I'll take time out here to tell you a little trick of the trade I use to make cauls with complex shapes, like this one. Do you see the little layer of pink between the cork and wood in the photo above? That pink layer is autobody filler. To make the caul I first carve the wood as close as I can to the shape I want; then I cover the object-area on the instrument (in this case, the upper surface of the neck) with plastic wrap; then I mix up some autobody filler, spread it on the underside of the caul, and either hold it or clamp it in place. The filler dries in a few minutes, and I'm left with a near-perfect impression of the area that I can trim as needed, then cover with a layer of cork and use as a gluing caul.

The large main caul was made for a lute designed to have a slightly shorter neck than this one. I've made a small addition to add to the lower part of the fingerboard.
After re-checking the action (with fishing line and spacer blocks), I have thicknessed the fingerboard to about 2.6mm. In this photo I am shooting the edge of my fingerboard blank, looking to make it as flat and as perpendicular as possible.

I can now bend the fingerboard blank. I heat water in a saucepan and brush it on the outside of the piece, then hold the underside over the hot plate. After a few minutes, the combination of outer expansion from the water and inner contraction from the dry heat curls the fingerboard very close to the profile that I'm looking for.

Throughout the construction process, there is a hook for hanging the lute in the neck end. Now, I swap out that hook for this hardwood block and deck screw. When I fit and glue the fingerboard, I can tighten the screw, and the block provides pressure to hold the fingerboard in place against the cutoff joint. 

Like so. This is a dry run, to see how the fit looks at the joint. I trim the fingerboard so that there is about 1mm only of overhang at the nut end. That's enough for me to tighten the block and hold the fingerboard in place.

I refine the fit with a sanding block. I may also have to adjust--with files--the fingerboard cutoff on the lute.

I've got the joint fitted, and everything is ready to go. When I actually glue the fingerboard on I need to work quickly and efficiently, so there is no time to take timed photos.The next few shots show the stages of gluing, and are from one of the many dry runs I do before gluing up.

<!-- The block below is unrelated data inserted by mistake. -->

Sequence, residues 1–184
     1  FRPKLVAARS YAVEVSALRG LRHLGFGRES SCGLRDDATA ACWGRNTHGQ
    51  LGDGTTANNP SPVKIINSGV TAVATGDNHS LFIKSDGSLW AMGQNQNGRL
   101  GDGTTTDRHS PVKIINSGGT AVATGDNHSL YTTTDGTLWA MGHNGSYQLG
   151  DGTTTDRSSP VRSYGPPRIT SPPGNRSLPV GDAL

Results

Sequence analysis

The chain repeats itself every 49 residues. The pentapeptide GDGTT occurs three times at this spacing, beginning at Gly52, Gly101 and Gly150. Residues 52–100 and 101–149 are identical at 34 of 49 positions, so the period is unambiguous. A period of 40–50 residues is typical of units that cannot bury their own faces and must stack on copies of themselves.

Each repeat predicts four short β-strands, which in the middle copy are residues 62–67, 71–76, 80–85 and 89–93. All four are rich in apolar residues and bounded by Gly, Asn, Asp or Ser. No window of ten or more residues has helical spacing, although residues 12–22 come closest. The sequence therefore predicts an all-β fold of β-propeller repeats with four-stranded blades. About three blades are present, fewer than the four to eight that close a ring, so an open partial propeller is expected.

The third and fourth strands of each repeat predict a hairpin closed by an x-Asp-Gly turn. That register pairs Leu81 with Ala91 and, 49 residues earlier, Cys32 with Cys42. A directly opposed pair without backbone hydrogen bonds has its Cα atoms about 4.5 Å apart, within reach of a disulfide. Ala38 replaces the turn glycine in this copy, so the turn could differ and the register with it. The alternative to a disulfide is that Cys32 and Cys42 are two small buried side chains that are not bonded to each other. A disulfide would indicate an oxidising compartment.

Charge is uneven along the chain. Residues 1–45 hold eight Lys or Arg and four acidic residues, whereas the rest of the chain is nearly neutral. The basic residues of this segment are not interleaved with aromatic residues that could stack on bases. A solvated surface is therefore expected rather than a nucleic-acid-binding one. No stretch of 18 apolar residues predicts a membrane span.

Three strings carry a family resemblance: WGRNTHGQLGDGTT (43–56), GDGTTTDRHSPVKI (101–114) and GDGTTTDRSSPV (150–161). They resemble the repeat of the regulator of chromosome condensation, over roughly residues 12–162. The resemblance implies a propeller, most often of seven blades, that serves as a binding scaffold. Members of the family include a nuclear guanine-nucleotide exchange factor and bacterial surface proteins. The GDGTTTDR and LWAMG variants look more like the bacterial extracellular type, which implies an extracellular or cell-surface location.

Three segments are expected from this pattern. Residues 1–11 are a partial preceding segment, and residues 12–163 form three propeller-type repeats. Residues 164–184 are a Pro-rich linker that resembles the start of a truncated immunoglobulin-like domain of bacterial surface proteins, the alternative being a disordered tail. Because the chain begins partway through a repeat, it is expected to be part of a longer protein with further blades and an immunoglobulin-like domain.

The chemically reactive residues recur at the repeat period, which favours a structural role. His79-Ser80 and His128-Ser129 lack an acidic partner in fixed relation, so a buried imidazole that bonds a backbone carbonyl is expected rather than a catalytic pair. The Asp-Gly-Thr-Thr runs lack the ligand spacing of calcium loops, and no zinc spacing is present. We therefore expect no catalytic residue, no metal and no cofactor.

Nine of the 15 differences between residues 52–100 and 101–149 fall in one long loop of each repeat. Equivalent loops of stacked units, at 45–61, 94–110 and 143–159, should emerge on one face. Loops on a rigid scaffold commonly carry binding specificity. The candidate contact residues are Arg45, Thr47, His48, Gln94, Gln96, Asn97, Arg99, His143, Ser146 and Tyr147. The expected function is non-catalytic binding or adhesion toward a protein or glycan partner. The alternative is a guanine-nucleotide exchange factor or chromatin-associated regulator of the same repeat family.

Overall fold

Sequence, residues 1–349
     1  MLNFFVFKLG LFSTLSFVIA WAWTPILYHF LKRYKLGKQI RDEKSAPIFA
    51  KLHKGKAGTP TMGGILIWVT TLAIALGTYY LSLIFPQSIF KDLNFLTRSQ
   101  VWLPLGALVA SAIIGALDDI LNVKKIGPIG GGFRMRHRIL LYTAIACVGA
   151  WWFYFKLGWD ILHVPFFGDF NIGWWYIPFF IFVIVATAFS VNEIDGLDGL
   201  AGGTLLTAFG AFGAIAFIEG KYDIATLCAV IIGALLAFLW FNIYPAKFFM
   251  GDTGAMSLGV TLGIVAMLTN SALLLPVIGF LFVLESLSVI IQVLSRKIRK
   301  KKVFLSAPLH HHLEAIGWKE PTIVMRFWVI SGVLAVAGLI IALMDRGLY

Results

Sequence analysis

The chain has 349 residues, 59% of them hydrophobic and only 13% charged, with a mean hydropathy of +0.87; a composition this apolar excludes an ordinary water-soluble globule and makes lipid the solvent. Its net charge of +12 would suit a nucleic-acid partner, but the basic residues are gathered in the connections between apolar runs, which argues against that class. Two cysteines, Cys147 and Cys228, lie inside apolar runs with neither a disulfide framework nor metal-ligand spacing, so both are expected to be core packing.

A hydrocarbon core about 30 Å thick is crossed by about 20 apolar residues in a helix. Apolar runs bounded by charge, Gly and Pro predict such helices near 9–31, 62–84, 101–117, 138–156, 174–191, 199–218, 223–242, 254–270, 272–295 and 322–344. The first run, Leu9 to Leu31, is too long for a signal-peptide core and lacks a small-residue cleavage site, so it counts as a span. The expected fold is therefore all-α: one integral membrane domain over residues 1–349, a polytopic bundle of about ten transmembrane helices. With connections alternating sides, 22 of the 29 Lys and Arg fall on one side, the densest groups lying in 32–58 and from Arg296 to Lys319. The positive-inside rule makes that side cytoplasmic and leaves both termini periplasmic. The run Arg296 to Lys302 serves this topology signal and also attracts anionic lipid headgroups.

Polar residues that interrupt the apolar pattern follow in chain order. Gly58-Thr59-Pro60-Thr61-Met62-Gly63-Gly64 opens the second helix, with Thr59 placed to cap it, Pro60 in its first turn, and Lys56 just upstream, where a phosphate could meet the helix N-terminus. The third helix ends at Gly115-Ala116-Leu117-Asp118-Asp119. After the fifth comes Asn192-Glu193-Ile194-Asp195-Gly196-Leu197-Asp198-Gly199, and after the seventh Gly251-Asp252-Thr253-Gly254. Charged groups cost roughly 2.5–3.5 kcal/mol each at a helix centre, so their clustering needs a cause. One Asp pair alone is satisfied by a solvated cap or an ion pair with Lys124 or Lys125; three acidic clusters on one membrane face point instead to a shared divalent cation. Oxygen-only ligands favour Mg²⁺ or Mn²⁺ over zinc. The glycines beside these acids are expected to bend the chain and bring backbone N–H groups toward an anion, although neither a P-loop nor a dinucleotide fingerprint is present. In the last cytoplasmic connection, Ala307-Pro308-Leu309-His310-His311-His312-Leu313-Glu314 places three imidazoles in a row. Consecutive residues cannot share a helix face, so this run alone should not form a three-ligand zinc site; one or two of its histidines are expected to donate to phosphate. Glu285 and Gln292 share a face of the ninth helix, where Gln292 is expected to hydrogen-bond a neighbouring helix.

When my glue is heated and ready to go, I warm the underside of the fingerboard and the top side of the neck with a hair dryer.

I then brush glue on the neck, and on the underside of the fingerboard, and place it carefully. I need to make sure the fit is tight here, at the joint.

I then screw in the block to hold the fingerboard firmly against the cutoff joint.

Then I begin clamping. (I rehearse the sequence many times before gluing.) First I clamp in place the small additional caul...

And then the big caul goes on. Note how I have marked with a felt pen the location and the orientation of each clamp. I know where they go, and which way they point, so I can begin by clamping in the middle, and then working outward from there.

This nearly exhausts my supply of wooden cam clamps.

Here's the immediate aftermath of gluing. I got good squeeze-out on each side, and I also brushed a line of glue down each side of the joint (to take advantage of hide glue's contracting properties, to pull the edges of the joint together.)

The lute seems most stable in this position for the time being (though it seems a bit close to the edge of the bench--I think I should move it more to the centre before leaving for the day.) Tomorrow I'll remove the clamps and cauls, clean up the excess glue, and start to shape the new fingerboard.

I hope everyone is staying safe and secluded. I love you all. Take care, and we'll talk again soon.


  1. Hi Travis, thanks for your kind and inspiring words, and for sharing your expertise with us!!